Lenco are running with a multiroom setup which users single-piece speakers that are controlled by an iOS or Android app and are able to work with master-grade audio files. This system, which connects to an existing Wi-Fi small network segment, consists of the Playlink 6 speaker, Playlink 4 small portable speaker, and the Connect box which connects to an existing sound system.
Pure have refreshed their Jongo speaker lineup as the X Series speakers and implemented the Imagination Technologies Caskeid multiroom transmission technology. This technology works with multiroom setups or separate stereo speakers using the existing Wi-Fi network and the “Bluetooth Caskeid” variant provides a single Bluetooth A2DP on-ramp to the Caskeid system. These speakers are now available in white, grey or black finishes.
Harman-Kardon have fielded the Omni multi-room setup which is based around the Omni 10 or Omni 20 wireless speakers. These work on the existing Wi-Fi home network, have an Bluetooth A2DP on-ramp function and also work with 96khz 24-bit master-grade audio streams. A brace of these speakers can be set up to be a stereo pair or five of them can be set up to provide 5-channel surround sound. Harman-Kardon also offer the Esquire portable Bluetooth speaker that is so “stylish yet cool” like the well-dressed gentleman. This unit, which also can be an external battery pack, wouldn’t look out of place in his elegant briefcase.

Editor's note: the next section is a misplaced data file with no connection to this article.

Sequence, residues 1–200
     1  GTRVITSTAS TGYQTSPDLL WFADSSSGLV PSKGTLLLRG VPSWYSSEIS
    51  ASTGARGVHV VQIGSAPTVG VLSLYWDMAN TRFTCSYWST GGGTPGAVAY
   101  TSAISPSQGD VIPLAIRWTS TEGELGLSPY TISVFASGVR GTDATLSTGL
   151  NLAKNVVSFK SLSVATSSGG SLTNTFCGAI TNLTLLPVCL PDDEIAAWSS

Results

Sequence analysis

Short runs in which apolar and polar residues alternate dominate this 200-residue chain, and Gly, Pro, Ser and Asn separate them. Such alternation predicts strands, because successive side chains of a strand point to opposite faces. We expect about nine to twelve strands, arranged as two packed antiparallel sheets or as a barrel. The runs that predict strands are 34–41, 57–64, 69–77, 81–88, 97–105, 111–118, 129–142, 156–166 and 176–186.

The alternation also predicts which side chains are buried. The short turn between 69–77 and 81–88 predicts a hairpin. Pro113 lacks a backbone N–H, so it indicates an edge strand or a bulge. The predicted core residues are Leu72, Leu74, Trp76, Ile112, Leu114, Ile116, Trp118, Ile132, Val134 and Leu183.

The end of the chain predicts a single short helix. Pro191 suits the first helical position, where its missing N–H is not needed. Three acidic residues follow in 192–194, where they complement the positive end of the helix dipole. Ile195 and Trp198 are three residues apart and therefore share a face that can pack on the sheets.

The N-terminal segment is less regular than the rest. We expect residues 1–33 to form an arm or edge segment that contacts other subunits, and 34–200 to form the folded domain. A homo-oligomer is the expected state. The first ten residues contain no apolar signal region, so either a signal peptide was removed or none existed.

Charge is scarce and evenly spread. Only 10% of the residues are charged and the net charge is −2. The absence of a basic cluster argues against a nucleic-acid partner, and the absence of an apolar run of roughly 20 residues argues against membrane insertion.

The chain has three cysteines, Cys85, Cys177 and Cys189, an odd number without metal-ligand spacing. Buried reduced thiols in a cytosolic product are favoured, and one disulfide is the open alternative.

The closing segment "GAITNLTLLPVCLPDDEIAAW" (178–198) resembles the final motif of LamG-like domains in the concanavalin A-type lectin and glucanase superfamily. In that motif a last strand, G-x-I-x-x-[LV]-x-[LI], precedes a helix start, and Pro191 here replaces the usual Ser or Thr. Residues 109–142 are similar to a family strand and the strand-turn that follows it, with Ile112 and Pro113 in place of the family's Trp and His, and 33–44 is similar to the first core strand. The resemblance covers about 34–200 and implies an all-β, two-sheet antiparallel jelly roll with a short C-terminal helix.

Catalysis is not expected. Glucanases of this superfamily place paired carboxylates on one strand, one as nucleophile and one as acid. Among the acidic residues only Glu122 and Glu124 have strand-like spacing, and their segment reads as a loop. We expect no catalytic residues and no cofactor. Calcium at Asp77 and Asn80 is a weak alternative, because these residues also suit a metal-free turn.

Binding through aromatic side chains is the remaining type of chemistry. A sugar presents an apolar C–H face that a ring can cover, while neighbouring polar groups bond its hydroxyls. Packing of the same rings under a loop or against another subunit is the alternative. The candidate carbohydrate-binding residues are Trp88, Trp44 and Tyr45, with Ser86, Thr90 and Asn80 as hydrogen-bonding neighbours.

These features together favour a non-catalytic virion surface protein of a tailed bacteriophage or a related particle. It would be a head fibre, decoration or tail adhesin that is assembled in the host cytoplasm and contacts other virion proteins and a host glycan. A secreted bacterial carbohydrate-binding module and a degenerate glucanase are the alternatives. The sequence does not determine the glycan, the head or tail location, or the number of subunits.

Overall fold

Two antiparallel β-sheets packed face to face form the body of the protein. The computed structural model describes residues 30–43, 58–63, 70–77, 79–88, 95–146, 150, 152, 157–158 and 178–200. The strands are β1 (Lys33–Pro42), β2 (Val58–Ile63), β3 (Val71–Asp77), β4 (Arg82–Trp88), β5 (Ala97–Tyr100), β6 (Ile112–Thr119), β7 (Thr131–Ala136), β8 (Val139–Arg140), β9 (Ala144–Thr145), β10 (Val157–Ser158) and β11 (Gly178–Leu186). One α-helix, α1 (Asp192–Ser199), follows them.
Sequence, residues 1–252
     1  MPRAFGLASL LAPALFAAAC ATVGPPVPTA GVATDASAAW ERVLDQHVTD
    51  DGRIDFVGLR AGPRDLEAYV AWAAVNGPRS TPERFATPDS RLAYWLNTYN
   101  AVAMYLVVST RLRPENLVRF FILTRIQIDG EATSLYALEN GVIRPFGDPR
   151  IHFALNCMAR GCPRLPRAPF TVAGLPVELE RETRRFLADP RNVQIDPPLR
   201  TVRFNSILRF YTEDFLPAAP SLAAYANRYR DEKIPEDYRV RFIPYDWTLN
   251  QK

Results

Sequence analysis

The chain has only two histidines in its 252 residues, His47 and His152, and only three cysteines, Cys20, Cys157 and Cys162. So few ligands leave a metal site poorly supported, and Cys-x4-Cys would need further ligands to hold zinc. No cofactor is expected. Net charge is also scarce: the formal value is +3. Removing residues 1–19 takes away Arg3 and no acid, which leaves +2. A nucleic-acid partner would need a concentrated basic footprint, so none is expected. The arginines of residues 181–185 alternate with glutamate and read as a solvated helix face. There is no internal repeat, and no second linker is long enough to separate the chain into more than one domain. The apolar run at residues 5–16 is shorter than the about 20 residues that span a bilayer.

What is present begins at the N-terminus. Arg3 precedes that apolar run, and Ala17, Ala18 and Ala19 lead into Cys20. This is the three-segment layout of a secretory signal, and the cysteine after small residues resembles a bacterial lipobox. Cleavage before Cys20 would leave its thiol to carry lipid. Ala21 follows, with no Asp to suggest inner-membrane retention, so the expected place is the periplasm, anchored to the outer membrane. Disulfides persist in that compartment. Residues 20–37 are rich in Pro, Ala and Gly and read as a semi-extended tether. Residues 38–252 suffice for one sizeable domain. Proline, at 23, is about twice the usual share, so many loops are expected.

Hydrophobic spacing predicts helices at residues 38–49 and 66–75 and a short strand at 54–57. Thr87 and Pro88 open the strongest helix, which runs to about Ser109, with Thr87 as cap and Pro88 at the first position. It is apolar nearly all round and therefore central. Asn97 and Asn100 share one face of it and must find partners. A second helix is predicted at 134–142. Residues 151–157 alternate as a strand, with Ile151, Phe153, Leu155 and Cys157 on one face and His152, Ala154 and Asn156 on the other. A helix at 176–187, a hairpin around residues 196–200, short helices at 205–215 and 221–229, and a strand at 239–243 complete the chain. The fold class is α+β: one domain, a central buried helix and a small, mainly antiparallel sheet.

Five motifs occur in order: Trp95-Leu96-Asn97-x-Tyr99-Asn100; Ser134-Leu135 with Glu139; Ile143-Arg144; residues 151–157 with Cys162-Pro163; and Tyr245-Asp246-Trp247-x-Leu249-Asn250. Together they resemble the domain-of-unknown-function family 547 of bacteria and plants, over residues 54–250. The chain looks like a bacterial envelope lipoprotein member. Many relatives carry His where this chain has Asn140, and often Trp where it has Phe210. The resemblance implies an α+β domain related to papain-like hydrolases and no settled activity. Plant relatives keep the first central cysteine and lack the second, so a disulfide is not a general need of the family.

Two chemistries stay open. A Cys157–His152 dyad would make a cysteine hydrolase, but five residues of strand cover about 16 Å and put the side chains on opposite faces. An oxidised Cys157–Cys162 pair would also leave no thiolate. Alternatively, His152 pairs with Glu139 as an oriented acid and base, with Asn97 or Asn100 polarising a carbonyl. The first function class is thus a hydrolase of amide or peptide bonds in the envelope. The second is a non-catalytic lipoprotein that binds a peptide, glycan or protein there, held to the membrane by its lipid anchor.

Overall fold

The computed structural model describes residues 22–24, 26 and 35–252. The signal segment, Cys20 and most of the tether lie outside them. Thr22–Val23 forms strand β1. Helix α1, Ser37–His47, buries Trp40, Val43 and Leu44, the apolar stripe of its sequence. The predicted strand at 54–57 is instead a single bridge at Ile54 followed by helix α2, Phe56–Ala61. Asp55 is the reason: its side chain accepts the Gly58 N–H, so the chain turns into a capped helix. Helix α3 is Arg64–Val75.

Philips are running a Wi-Fi-based multiroom speaker setup that, again, works with the existing Wi-Fi home network but also has Spotify Connect functionality. There is the SW750 which has one tweeter and one woofer per channel and the SW700 which has one full-range speaker per channel. They also have fielded a Bluetooth speaker that doesn’t have trouble with multiple Bluetooth source devices. This one uses 1 tweeter and 1 woofer per channel along with the use of passive radiators to improve the sound.